ADM looks to boost grain export capacity in Brazil

By Aerin Einstein-Curtis

- Last updated on GMT

Archer Daniels Midland Company (ADM) is set to update and enlarge its Santos-based grain export terminal.

The project will add about 2m metric tons of storage and grain handing space to the Brazilian facility and improve the environmental controls, said the company.

Work on site expansion began in November and is set to be completed by the start of 2017, said Eduardo Rodrigues, ADM Brazil’s national director for ports and logistics. The project is set to expand the company’s current footprint in the country.

“Brazil plays a major—and expanding—role in global agricultural production,” ​he told FeedNavigator. “Between this project and our expansion at our port facility in Barcarena, we are significantly increasing our overall export capacity from Brazil, while simultaneously enhancing our ability to work with the Brazilian growers.”

Environmental control details

In the upgrade, a new warehouse facility is being constructed with state-of-the-art particulate emission control systems, said Rodrigues. Improvements to existing systems aim to reduce the amount of particulate matter generated.

One reason for the focus on upgrades to environmental controls stems from the growth of the city, which has brought other buildings and houses near to the terminal, he said. “That is why investments in environmental controls are a priority as we modernize the terminal, and why we are focused on minimizing the impact of our operations to nearby residents and businesses,”​ he added.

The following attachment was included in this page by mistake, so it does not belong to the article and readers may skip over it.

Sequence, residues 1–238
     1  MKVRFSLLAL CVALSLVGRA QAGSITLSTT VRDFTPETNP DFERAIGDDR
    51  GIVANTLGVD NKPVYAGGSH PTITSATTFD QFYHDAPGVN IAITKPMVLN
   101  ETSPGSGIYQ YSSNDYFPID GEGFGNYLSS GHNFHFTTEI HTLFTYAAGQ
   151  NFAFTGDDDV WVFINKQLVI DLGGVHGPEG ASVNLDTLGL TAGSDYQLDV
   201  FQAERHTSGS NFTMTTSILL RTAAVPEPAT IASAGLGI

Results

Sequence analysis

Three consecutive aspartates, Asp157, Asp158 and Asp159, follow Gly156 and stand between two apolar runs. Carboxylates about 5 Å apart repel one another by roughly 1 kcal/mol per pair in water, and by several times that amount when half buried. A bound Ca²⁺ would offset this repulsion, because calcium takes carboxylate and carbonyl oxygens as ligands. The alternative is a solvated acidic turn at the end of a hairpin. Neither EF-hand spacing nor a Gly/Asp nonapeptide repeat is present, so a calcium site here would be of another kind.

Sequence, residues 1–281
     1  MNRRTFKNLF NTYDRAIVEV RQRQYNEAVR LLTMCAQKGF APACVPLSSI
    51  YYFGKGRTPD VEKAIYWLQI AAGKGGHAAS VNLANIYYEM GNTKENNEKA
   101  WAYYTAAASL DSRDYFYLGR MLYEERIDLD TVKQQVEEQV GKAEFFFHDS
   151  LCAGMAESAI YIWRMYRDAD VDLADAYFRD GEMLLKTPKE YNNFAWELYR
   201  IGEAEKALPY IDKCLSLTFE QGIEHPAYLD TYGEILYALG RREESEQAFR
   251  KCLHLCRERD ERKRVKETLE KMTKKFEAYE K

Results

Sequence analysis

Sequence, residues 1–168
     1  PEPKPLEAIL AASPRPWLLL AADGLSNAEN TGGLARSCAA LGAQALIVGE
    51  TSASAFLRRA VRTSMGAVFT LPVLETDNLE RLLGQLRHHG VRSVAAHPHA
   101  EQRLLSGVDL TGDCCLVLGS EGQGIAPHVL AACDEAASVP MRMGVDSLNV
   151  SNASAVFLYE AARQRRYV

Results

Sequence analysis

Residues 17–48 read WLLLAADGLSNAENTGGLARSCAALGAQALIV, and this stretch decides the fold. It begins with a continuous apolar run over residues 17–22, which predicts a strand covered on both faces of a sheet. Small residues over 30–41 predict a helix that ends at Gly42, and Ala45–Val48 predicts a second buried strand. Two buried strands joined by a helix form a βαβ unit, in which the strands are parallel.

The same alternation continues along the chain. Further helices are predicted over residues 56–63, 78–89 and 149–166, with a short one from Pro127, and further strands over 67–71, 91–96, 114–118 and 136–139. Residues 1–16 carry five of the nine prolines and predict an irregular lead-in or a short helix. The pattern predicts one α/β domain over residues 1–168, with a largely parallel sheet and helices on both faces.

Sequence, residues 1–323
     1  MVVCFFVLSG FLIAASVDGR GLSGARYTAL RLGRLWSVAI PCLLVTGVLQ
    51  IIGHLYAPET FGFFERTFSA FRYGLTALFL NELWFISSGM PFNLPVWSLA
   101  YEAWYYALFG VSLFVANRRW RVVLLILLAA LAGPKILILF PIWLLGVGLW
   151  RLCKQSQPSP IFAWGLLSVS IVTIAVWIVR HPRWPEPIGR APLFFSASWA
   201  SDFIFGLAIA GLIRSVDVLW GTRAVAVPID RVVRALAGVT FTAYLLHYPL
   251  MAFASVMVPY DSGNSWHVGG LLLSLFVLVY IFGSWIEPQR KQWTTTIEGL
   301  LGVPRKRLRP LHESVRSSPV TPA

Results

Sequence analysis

“The new terminal will also feature two latest-generation ship loaders, each fitted with a telescoping chute that will help prevent the free fall of products and further reduce particulate dust cloud formations,” ​he said. “Upon unloading, hoppers containing thin plates fitted with smart sensors detect product weight for opening and closing fins, therefore retaining powders below ground level. Hoppers will contain particulates arresters to filtrate air and automatic doors for keeping dust in containment.”

In the new systems discarded products are set to be moved within sealed towers and shielded conveyor belts to prevent dust from being released to external areas, he said. “Such conveyors yet rely on an efficient spot filtering system for dust retention, one which will yet be enlarged in the new terminal by the installation of new filters,”​ he added.

Additionally, steps are being taken to improve truck cleaning after deliveries, again to reduce the amount of dust generated outside of the building, said Rodrigues. “We are also making some logistics improvements to the terminal’s internal yard, such as installing a concrete floor and a row of speed bumps, to help ensure trucks are thoroughly cleaned and as much grain as possible is removed from each truck after the grain is delivered,” ​he added.

Other work

In addition to the work being done on the facility in Santos, work is also continuing on a jointly-owned company export terminal in Barcarena, said the company.

When completed, that work will have expanded the site’s capacity to 6m metric tons, the company said.

Expansion of both facilities is set to improve ADM’s ability to ship to areas including Asia, Africa and Europe, said Greg Morris, president of ADM’s oilseeds processing business.

“ADM is already one of Brazil’s largest exporters of agricultural products,” ​he said. “When these improvements to both ports are complete, we will be able to move even more crops out of Brazil, and we will be able to do so more efficiently, enhancing both our capability to meet global customer demand and our ability to grow our returns in South America.”

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